Review: Adios, Nirvana

I received this book for free from ALA in exchange for an honest review. This does not affect my opinion of the book or the content of my review.

Review: Adios, NirvanaAdios, Nirvana by Conrad Wesselhoeft
Published by Houghton Mifflin Books for Children on October 25, 2010
Genres: Contemporary
Pages: 240
Format: ARC
Source: ALA
Goodreads
three-stars

 When you piss off a bridge into a snowstorm, it feels like you’re connecting with eternal things. Paying homage to something or someone. But who? The Druids? Walt Whitman? No, I pay homage to one person only, my brother, my twin.
In life. In death.
Telemachus.
   Since the death of his brother, Jonathan’s been losing his grip on reality. Last year’s Best Young Poet and gifted guitarist is now Taft High School’s resident tortured artist, when he bothers to show up. He's on track to repeat eleventh grade, but his English teacher, his principal, and his crew of Thicks (who refuse to be seniors without him) won’t sit back and let him fail.

From the first few pages, I thought I would have to force myself to get through this book. I hated those pages and wanted nothing to do with the story following. I would summarize them thus: Boy depressed by the passing of brother gets drunk with friends. Boy pees over the edge of a ledge twenty feet up. Boy vomits epically and descriptively. Boy falls, mostly non-accidentally, off of the ledge and into the puke. This is, in my opinion, not an excellent start to a book or anything I am particularly into reading. Having continued though, I was rewarded for my perseverance.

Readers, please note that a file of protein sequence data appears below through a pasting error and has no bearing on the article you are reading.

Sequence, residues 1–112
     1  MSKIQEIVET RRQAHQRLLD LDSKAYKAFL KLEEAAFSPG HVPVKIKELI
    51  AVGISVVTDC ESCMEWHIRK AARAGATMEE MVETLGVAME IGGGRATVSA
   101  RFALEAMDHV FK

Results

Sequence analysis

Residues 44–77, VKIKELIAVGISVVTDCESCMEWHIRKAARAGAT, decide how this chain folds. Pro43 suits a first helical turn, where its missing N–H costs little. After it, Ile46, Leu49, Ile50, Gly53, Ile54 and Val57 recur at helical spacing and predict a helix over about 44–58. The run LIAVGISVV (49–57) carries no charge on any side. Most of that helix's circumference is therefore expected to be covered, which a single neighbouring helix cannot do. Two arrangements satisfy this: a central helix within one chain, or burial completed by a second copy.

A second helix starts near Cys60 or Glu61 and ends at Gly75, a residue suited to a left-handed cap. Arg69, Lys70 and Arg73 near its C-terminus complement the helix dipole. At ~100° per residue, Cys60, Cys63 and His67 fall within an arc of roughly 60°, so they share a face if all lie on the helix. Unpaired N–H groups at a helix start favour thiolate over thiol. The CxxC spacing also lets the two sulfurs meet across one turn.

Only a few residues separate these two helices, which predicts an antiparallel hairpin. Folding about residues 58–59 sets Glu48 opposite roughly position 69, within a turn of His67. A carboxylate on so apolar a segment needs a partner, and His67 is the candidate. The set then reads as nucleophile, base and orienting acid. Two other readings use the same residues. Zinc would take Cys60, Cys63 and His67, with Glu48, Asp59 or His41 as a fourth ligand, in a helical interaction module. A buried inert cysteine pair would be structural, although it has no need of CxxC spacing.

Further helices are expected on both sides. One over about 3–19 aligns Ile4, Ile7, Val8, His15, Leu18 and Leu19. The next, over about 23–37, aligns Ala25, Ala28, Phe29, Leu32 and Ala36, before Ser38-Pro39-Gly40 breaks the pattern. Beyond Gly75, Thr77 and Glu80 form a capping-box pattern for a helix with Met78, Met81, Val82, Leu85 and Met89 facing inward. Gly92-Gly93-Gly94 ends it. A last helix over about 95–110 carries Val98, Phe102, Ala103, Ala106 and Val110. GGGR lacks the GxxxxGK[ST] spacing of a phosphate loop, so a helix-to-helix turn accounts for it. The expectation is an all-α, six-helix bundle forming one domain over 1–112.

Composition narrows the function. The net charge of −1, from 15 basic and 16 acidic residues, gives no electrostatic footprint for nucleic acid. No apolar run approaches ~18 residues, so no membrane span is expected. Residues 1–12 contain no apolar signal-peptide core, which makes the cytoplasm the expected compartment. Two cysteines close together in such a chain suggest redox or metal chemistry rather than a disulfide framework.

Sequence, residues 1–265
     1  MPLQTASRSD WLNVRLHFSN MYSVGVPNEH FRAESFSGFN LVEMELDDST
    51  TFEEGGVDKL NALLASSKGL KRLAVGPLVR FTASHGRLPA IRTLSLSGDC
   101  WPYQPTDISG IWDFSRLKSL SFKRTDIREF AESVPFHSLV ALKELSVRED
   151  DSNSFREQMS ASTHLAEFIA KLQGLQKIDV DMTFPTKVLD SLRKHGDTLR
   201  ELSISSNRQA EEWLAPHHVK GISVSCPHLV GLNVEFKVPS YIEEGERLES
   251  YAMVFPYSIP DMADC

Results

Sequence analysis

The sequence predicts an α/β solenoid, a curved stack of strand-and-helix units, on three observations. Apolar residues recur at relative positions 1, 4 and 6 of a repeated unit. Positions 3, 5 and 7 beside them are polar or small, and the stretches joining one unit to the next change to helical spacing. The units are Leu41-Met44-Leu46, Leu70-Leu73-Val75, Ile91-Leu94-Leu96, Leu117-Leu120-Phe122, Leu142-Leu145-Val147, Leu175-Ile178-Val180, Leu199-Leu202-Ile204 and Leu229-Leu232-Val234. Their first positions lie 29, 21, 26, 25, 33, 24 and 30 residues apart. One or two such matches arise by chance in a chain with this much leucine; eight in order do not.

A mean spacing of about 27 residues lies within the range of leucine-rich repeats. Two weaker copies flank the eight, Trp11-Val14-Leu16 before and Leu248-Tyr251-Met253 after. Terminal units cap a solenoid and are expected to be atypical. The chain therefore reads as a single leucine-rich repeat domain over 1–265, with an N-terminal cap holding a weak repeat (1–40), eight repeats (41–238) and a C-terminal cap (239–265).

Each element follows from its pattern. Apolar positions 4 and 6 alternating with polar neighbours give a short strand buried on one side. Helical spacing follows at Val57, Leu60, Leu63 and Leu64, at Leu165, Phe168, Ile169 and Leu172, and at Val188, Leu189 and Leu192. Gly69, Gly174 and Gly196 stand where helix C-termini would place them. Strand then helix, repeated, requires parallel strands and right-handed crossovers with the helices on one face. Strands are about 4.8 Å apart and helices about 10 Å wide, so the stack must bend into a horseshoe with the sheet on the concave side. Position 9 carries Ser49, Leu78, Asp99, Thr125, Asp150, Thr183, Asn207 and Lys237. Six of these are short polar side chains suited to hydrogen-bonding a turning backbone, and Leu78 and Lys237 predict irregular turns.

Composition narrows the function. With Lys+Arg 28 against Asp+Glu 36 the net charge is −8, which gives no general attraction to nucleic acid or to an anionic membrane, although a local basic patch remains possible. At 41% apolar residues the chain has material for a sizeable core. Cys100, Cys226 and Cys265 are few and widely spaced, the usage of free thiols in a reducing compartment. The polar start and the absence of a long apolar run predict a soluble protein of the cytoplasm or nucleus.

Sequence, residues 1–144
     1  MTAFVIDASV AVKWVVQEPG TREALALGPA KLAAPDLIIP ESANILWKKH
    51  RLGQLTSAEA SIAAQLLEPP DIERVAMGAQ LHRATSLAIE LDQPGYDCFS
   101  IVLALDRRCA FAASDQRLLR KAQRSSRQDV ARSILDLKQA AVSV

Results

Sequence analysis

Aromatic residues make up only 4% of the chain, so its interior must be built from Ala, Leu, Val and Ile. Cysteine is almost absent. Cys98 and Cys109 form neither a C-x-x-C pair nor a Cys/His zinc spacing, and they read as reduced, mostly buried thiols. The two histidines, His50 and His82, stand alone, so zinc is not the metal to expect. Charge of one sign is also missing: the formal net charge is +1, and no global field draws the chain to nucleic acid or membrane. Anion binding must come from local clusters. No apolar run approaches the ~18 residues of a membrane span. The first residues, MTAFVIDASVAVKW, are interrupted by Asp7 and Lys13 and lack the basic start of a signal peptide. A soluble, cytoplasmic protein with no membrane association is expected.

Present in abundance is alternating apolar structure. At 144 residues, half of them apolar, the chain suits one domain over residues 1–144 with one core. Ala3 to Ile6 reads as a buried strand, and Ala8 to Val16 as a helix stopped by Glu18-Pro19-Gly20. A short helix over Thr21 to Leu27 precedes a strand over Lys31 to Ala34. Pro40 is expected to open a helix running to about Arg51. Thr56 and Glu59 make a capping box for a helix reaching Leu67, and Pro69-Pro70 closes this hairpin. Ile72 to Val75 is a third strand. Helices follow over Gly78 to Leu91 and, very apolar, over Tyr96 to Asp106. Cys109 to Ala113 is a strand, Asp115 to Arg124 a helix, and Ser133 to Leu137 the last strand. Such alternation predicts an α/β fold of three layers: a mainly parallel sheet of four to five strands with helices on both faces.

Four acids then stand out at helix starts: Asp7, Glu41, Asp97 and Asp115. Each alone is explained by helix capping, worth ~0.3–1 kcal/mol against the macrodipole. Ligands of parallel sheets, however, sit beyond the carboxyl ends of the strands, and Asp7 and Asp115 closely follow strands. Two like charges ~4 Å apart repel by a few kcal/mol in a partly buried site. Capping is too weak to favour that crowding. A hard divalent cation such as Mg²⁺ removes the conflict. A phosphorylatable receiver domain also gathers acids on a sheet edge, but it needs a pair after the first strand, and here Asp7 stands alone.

This is not to say that this book is one that I will keep in my personal collection or probably ever read again. But it definitely had its moments and had a few fantastic quotes. More than that though, it had heart and passion. The descriptions of poetry, of the writing process and of music are unbeatable. Wesselhoeft really makes the reader feel the creative juices flowing and get really into those moments. The best parts of this book, the most engaging, are the scenes where very little is actually happening, the moments of contemplation and quiet, frenzied creation.

For all rock music fans and poets, Adios, Nirvana is definitely worth reading. It comes out tomorrow, so go give it a try!

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